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Japan and the United States will hold their first joint evacuation of U.S. troops escaping from a battlefield in large-scale maneuvers in November, sources at the Self-Defense Forces said Monday.

With the inclusion of a plan disclosed last week to evacuate civilians from a simulated overseas conflict, the drills are a sign of increasing military cooperation between the two states.

The exercises involving U.S. service members are intended as a preparation for so-called rear-area search-and-rescue operations, which are provided for under a law on emergencies occurring in areas surrounding Japan that took effect in August 1999.

The legislation is designed to “contribute to an effective implementation of the Japan-U.S. Security Treaty and assure peace and security” for Japan, and requires that Japan conduct rear-area search-and-rescue operations for casualties.

The maneuvers will be conducted mainly in the Sea of Japan off the Kyushu-Chugoku coast. The U.S. Air Force and Marine Corps and the Maritime and Air Self-Defense forces will take part, according to the sources.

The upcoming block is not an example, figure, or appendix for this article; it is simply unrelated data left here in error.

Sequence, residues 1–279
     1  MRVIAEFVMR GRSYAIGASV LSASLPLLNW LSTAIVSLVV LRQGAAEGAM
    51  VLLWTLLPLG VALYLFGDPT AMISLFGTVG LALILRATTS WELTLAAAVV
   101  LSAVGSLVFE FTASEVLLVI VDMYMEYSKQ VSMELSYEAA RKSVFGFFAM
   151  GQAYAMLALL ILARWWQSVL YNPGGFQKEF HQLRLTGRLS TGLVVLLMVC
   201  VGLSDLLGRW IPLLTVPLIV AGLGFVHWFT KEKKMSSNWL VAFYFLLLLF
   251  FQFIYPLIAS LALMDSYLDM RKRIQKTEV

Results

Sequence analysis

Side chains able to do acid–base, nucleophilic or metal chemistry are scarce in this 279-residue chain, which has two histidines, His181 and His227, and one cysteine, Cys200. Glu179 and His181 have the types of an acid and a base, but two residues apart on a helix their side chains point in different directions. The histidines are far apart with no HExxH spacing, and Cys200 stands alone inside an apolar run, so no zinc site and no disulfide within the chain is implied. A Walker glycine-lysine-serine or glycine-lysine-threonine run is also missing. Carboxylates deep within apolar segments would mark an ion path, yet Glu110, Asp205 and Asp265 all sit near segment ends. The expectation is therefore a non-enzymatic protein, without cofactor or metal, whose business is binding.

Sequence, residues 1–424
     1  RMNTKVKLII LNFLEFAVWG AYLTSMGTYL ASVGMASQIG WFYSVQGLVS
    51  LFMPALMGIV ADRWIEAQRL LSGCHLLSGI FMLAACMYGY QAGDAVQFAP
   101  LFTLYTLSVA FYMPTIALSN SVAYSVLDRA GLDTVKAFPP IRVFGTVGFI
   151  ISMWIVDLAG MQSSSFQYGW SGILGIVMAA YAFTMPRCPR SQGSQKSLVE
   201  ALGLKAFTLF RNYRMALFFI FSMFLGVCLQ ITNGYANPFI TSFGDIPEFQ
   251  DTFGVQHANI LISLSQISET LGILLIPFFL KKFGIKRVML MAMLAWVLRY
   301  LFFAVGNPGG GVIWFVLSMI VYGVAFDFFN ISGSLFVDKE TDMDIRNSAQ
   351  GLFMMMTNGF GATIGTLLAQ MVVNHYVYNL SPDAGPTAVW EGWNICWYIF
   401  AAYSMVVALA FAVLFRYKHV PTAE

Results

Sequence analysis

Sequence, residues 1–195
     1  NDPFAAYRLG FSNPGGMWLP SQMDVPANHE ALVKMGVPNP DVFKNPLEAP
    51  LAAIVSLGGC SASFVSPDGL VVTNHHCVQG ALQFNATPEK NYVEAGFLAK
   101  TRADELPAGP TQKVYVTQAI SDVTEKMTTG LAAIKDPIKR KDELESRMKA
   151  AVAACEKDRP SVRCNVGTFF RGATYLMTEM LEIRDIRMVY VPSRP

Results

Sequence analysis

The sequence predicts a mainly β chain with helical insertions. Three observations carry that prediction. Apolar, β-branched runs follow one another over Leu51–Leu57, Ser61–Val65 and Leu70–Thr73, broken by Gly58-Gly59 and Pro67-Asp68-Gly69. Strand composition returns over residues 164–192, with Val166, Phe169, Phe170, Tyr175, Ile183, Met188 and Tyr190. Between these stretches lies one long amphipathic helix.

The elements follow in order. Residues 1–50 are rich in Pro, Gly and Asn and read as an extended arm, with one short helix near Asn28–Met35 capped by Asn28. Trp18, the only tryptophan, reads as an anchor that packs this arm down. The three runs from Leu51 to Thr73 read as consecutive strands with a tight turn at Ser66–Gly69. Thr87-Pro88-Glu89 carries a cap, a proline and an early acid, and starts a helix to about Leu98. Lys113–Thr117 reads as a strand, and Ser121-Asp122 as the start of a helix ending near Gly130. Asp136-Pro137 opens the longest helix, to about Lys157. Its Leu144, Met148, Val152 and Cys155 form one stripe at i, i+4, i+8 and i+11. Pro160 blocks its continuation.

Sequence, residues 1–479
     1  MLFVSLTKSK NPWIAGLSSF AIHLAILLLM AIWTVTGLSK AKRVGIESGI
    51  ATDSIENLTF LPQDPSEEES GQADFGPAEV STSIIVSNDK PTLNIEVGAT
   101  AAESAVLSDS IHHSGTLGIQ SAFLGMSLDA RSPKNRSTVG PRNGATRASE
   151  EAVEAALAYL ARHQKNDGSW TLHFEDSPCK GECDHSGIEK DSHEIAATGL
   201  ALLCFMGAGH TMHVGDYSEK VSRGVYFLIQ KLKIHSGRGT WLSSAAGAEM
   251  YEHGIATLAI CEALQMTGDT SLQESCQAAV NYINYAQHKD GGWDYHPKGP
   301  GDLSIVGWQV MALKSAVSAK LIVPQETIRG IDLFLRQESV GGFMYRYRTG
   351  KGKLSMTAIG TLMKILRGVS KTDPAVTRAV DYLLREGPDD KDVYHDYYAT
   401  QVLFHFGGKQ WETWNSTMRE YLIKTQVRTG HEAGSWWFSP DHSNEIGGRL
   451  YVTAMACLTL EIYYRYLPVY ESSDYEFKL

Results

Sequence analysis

The exercise covers not only search and rescue, but also the transport and medical care of rescued troops and the maintenance of U.S. aircraft.

“We will actually be testing a majority of the services that we can provide the U.S. with,” said a ranking MSDF officer.

Participating services will assume that an offshore area north of the Kyushu-Chugoku region is in international waters near Japan and no combat is or will be taking place there, the sources said.

The law requires that rear-area search-and-rescue operations be conducted in noncombat zones.

An area in the Sea of Japan off Yamaguchi, Fukuoka and Nagasaki prefectures will be used for the exercise, they said.

Despite its relative proximity to the Korean Peninsula, a Defense Agency official said the zone was chosen simply because the SDF has a base near the U.S. Marine Corps air station in Iwakuni, Yamaguchi Prefecture.

The scenario assumes a situation in which U.S. pilots and sailors are drifting in lifeboats, the sources said.

An MSDF P-3C patrol plane will look for the servicemen. After locating them, the SDF will attempt a rescue by using a destroyer, helicopters and the PS-1 search-and-rescue amphibious plane.

U.S. Air Force rescue helicopters and Marine Corps transport helicopters will also be deployed.

After medical treatment, the rescued servicemen will be flown to the U.S. Marine Corps Iwakuni base, according to the scenario.

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